Kootenay-Columbia MP David Wilks discussed the new regulations for medical marijuana with Cranbrook City Council

Kootenay-Columbia MP David Wilks discussed the new regulations for medical marijuana with Cranbrook City Council

Communities given say over medical marijuana grow ops

Municipalities such as Cranbrook and Kimberley will soon have the ability to control where medical marijuana is grown.

  • Sep. 11, 2013 8:00 p.m.

Municipalities such as Cranbrook and Kimberley will soon have the ability to control where medical marijuana is grown.

Kootenay-Columbia MP David Wilks spoke to Cranbrook city council on Monday, September 9, about the new regulations for medical marijuana, which will be enacted on April 1, 2014.

Since it began in 2001, Health Canada’s medical marijuana program has grown to include 30,000 authorized persons. At the moment, individuals are allowed to produce marijuana in their homes. But new regulations announced in June will prohibit that.

“Right now, as the legislation stands, anyone in Canada who can obtain a license to grow medical marijuana can grow it anywhere they want. And there is no notification made to a municipality, to the police or to the fire department. It’s only Health Canada that knows where this grow op is,” said MP Wilks, who consulted with the Minister of Health about the new regulations.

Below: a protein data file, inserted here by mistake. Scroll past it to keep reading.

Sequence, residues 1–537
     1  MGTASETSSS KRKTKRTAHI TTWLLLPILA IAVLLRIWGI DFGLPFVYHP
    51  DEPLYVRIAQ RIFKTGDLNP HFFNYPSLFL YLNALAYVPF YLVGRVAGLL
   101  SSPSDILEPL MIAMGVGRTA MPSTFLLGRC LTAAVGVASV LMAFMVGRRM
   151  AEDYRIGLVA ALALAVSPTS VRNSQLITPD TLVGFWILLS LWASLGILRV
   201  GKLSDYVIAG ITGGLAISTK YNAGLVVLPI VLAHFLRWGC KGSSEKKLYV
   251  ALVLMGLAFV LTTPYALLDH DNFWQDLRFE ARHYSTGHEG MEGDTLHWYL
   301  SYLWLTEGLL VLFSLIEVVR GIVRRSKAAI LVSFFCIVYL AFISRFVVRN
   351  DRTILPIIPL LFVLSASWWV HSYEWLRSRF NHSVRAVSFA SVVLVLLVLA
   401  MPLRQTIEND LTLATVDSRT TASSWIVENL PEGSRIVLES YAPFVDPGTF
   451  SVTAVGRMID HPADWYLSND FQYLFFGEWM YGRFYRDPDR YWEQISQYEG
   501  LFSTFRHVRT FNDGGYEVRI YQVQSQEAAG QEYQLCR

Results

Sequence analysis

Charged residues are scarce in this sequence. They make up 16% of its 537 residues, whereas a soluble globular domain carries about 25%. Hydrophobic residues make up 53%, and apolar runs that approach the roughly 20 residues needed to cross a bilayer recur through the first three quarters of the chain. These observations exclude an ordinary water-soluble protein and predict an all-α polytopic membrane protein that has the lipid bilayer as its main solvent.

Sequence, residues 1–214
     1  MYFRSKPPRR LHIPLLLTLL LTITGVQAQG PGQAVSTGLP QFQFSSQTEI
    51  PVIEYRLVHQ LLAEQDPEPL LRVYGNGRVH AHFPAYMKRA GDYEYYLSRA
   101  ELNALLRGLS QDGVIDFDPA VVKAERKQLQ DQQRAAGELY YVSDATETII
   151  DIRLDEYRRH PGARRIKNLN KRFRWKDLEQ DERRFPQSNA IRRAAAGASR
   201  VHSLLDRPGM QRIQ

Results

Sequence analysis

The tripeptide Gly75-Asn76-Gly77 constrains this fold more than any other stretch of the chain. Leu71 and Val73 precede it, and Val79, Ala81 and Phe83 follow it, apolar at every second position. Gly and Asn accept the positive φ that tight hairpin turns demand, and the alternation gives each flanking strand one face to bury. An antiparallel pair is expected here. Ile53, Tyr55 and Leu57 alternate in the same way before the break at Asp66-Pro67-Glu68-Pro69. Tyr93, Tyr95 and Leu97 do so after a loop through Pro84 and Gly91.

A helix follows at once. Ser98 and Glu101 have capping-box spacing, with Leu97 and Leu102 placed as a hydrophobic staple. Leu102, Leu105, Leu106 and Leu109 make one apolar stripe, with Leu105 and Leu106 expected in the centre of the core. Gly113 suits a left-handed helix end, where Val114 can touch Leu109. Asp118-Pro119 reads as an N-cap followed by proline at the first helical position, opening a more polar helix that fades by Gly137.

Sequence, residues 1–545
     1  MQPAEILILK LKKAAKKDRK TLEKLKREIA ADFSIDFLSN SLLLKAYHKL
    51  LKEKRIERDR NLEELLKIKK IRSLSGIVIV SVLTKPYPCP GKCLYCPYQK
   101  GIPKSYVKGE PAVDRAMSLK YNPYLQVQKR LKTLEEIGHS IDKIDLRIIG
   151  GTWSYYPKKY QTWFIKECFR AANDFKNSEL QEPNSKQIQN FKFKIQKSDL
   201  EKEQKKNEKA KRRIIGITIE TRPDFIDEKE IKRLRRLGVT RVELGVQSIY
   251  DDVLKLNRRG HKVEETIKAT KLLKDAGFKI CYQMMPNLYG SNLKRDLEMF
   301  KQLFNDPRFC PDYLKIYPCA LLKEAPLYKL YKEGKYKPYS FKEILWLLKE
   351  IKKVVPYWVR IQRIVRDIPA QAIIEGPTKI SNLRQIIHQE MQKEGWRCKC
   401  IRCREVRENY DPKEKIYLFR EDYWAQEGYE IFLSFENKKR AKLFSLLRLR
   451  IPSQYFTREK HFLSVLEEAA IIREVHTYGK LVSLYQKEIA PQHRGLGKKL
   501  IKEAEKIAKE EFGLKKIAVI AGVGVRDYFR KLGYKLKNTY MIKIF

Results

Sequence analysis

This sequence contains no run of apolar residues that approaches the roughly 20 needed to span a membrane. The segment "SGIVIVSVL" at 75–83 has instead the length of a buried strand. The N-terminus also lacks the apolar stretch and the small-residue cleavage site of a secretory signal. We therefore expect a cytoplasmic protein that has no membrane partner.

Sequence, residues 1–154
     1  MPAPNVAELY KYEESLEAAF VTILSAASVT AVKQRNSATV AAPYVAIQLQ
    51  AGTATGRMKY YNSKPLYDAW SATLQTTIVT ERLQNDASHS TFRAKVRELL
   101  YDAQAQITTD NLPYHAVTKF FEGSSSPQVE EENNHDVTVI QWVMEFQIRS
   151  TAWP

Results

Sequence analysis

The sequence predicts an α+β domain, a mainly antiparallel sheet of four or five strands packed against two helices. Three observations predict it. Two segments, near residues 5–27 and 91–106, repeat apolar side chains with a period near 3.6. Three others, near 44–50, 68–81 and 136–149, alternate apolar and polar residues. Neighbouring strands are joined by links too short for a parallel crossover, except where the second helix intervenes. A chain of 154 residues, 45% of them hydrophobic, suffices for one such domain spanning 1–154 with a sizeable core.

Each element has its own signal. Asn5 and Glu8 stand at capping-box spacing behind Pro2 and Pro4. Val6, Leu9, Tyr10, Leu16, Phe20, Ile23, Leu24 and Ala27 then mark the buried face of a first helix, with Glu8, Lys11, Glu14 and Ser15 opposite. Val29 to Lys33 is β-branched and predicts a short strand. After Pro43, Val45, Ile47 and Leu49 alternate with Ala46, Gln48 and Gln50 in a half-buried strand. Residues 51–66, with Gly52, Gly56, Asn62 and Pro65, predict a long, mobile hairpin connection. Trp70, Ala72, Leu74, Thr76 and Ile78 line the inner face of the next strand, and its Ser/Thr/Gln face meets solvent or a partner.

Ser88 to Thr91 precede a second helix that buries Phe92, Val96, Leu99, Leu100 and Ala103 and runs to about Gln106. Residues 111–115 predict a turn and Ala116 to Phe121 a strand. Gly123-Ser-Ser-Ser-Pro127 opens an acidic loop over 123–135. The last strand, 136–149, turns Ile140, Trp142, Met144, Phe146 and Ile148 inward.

“There will be stringent guidelines brought forth with medical marijuana, specifically to how it is going to be taken care of and the security of the grow op itself. There will have to be 24 hour monitoring, both electronically and physically, of the grow op.”

From April 1, medical marijuana producers will need to seek municipal zoning for the operation.

“One of the larger things I came here to talk about is that it’s going to be incumbent upon municipalities to ensure that if they are going to allow a grow op in their community, that it be zoned properly. Ultimately, you will be the ones who will have the final say as to whether you want this to happen or not,” Wilks said to Cranbrook council.

He suggested that municipalities should only consider allowing medical marijuana grow operations on industrially zoned property.

“In an industrial area, you can normally control it a lot better because they are larger areas and they are much more restricted,” said Wilks. “The second thing that will trigger is they will have to get a business license. So the community will know where that grow op is.

“There are a lot of things that kick in as soon as you do a business license. You will have an electrical inspector and building inspector who will come and check everything out. The fire chief will come and check everything. So everything starts to kick in and I think from a safety perspective that makes a lot of sense.”